3rd Generation Member in Greater Sacramento #1032

Now that I came up with this spotlight format, guess I could do mine.

Active member:
Michele Spilman, 3rd generation

Any offices you held/hold in 20-30? Currently the President of Greater Sacramento #1032 and in my  6th year as USA & Canada National History Chair.  It’s fun to now be able to say I’m also a 3rd Generation Club President. A first for Greater Sacramento #1032. 

Relation, name, and what club were the other members of the family in? Did they hold any offices in 20-30? My grandfather, Carl Spilman, was a member of Sacramento #1. My grandmother, Helen, was a member of the Sacramento 20-30ettes and a president.

A cousin of my dad’s (Brian Holdener) was a member of Sacramento #1 and was his sponsor into the club.

My father, Craig Spilman, was a member of Sacramento #1, Man of the Year, and Past Active Life. My mother, Dale, was a member of the 20-30ettes and a president, Woman of the Year, Past Active Life, and managed the National Office for two years.

Any other noteworthy accomplishments? Big projects? Fun tidbits? They enjoyed National, International and WOCO conventions in Anaheim, Sacramento, Eugene Oregon, and Santo Domingo. Also enjoyed a WOCO tour in England/Scotland making many friends in the WOCO community.

My dad was known for his pyrotechnics in meetings to make announcements or just as surprises. Always fun!!If you are a generational member or know of someone who is, please contact me (I’d love to recognize and feature your history) – mchlspil@gmail.com

  • From [insert club]
  • Active member [insert name] is [#] generation. Any offices you held/hold in 20-30?
  • Relation, name, and what club were the other members of the family in?
  • Did they hold any offices in 20-30?
  • Any other noteworthy accomplishments? Big projects? Fun tidbits?
  • Can I get a photo of active member to use and, if possible, the other family members?

You can be as brief or as descriptive as you would like. Either way, I am looking forward to hearing from all the generational members out there.

PROJECT: A Gathering of Eagles

eagles-03Pssst … Buddy, ya wanna buy an eagle? Rent one? How about a long term loan?

This is what the US Department of Interior offered the Sacramento City Zoo; a permanent loan of several pairs of Golden Eagles, provided an appropriate display area be created. And that’s when the Active 20-30 Club of Sacramento go involved.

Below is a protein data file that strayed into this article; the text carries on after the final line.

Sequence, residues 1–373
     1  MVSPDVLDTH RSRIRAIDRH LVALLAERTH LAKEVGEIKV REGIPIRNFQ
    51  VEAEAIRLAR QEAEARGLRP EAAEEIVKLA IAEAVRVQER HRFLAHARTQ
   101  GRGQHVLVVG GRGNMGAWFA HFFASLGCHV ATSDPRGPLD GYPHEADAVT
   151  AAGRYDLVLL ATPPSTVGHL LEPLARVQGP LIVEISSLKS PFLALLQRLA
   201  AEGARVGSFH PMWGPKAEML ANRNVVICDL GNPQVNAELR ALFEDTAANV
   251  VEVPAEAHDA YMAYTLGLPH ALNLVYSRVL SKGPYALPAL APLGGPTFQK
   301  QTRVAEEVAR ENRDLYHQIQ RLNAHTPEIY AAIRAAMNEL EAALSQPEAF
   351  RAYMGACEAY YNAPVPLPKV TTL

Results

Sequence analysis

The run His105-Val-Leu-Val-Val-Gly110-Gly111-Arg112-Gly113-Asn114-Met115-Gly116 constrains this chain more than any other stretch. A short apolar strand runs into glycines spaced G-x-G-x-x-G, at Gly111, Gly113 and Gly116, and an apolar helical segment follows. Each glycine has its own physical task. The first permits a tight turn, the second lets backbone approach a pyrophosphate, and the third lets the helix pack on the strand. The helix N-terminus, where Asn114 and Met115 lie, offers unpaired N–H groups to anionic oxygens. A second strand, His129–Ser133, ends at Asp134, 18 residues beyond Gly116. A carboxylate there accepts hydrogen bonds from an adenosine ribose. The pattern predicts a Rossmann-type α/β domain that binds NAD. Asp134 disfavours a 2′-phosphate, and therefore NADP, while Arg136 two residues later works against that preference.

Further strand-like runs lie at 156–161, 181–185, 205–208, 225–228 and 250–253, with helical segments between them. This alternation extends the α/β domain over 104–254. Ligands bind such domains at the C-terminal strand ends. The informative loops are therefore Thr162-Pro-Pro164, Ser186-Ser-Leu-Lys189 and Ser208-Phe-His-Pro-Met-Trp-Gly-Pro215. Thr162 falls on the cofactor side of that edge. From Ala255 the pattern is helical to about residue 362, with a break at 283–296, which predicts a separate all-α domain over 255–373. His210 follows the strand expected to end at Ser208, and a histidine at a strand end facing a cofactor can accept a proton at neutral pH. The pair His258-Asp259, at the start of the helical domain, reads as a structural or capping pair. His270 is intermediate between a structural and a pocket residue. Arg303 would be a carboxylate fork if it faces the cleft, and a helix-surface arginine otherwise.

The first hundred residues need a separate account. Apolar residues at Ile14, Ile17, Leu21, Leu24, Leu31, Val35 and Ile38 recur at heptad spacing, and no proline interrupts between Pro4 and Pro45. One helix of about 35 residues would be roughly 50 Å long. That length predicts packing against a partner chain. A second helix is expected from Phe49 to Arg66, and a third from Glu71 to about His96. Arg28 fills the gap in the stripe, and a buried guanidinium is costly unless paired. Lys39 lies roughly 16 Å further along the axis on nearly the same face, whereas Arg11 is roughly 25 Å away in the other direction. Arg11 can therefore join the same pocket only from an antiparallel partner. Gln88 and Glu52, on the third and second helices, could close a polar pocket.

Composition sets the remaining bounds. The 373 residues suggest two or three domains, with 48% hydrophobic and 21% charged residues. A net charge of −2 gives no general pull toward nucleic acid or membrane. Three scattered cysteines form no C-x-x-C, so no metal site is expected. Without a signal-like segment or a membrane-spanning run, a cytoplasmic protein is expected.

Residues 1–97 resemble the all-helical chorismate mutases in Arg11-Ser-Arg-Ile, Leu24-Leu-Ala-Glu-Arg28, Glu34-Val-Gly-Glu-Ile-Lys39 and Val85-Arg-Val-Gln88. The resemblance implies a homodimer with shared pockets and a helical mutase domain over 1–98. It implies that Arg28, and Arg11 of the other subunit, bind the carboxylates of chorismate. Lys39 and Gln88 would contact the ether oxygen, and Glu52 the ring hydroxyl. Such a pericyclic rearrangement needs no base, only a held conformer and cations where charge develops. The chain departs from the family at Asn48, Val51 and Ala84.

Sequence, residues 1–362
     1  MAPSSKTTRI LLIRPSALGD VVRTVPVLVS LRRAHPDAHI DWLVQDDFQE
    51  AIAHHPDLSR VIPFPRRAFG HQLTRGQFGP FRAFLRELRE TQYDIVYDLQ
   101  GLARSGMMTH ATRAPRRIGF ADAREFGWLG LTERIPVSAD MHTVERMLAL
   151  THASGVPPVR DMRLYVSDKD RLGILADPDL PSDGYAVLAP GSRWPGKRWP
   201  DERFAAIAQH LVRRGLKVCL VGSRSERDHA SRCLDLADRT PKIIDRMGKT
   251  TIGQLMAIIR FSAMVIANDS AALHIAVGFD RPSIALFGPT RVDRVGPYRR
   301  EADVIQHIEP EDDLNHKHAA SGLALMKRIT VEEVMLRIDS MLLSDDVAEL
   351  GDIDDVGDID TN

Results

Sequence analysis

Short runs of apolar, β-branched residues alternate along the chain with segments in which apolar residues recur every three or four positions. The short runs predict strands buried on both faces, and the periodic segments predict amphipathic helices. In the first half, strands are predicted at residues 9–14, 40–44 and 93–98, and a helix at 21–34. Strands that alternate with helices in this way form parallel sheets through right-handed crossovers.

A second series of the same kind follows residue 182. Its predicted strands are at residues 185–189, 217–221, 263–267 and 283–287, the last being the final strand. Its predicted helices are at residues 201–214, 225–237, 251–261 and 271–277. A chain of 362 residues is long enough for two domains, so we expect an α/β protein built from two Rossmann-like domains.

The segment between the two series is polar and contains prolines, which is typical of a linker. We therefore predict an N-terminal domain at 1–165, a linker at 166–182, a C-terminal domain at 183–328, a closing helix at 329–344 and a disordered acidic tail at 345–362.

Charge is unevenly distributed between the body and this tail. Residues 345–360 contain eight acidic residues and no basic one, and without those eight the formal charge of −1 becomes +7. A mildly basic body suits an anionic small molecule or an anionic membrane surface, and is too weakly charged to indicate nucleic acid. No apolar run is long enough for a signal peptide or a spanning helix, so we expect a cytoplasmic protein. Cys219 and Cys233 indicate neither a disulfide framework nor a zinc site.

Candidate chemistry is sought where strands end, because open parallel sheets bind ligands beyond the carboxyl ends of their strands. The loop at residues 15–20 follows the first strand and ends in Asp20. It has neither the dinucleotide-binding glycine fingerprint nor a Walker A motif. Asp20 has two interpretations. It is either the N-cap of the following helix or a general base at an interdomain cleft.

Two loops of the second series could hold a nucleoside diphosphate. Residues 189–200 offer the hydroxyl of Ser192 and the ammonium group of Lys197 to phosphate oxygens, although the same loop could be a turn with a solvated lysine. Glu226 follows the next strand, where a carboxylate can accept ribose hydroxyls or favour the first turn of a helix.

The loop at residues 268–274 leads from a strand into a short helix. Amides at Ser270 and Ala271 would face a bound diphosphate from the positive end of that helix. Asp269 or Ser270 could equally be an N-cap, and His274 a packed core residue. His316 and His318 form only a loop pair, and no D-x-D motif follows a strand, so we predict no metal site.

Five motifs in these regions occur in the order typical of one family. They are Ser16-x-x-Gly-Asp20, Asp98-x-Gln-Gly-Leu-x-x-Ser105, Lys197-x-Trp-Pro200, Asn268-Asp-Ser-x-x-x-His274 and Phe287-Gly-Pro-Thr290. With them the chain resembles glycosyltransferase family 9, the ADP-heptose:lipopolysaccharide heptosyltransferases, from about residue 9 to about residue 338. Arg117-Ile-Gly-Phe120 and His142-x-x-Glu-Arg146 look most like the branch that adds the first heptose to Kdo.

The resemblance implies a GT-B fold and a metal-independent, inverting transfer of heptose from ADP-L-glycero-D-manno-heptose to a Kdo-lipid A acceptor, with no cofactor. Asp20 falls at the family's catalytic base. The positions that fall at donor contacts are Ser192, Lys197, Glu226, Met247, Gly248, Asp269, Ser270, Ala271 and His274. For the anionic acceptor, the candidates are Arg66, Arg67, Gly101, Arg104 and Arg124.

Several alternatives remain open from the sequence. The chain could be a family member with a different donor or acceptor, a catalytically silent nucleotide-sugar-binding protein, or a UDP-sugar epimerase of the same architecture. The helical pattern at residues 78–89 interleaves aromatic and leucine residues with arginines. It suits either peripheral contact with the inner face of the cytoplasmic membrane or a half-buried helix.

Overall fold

A year ago (May ’73) Bill Meeker, a Director of the city zoo, was invited to speak before the Sacramento club on “What’s New At The Zoo?” After hearing about the development of the zoo into one of the most formidable for a community the size of Sacramento, and about Meeker’s plans for future zoo development, he was invited to make a presentation before the club’s Projects and Charities Committee.

Meeker advised the P/C Committee that in order to keep pace with other similar zoos, and in order to maintain public interest and attendance, a new exhibit should be developed every one or two years. Meeker added that there were no funds available for expansion. He therefore envisioned his best source for zoo expansion would be through the Sacramento area’s service clubs. He felt that if one major club, such as Active 20-30, would provide the first new exhibit, this would be the initiative for other service clubs to build additional new exhibits.

Meeker introduced his plans to expand the zoo with a new ornithology area to include many new aviary exhibits. The first being the new eagle aerie for our national bird. He showed the P/C Committee an illustration of a new eagle display shaped like a giant canary cage and said the cost would be approximately $1,500.00 for material and construction. The committee suggested the plan ought to be revised to a larger more natural exhibit with high rock formations, trees, etc. Meeker thought this was a great idea but too expensive since it would boost the cost to around $20,000.00.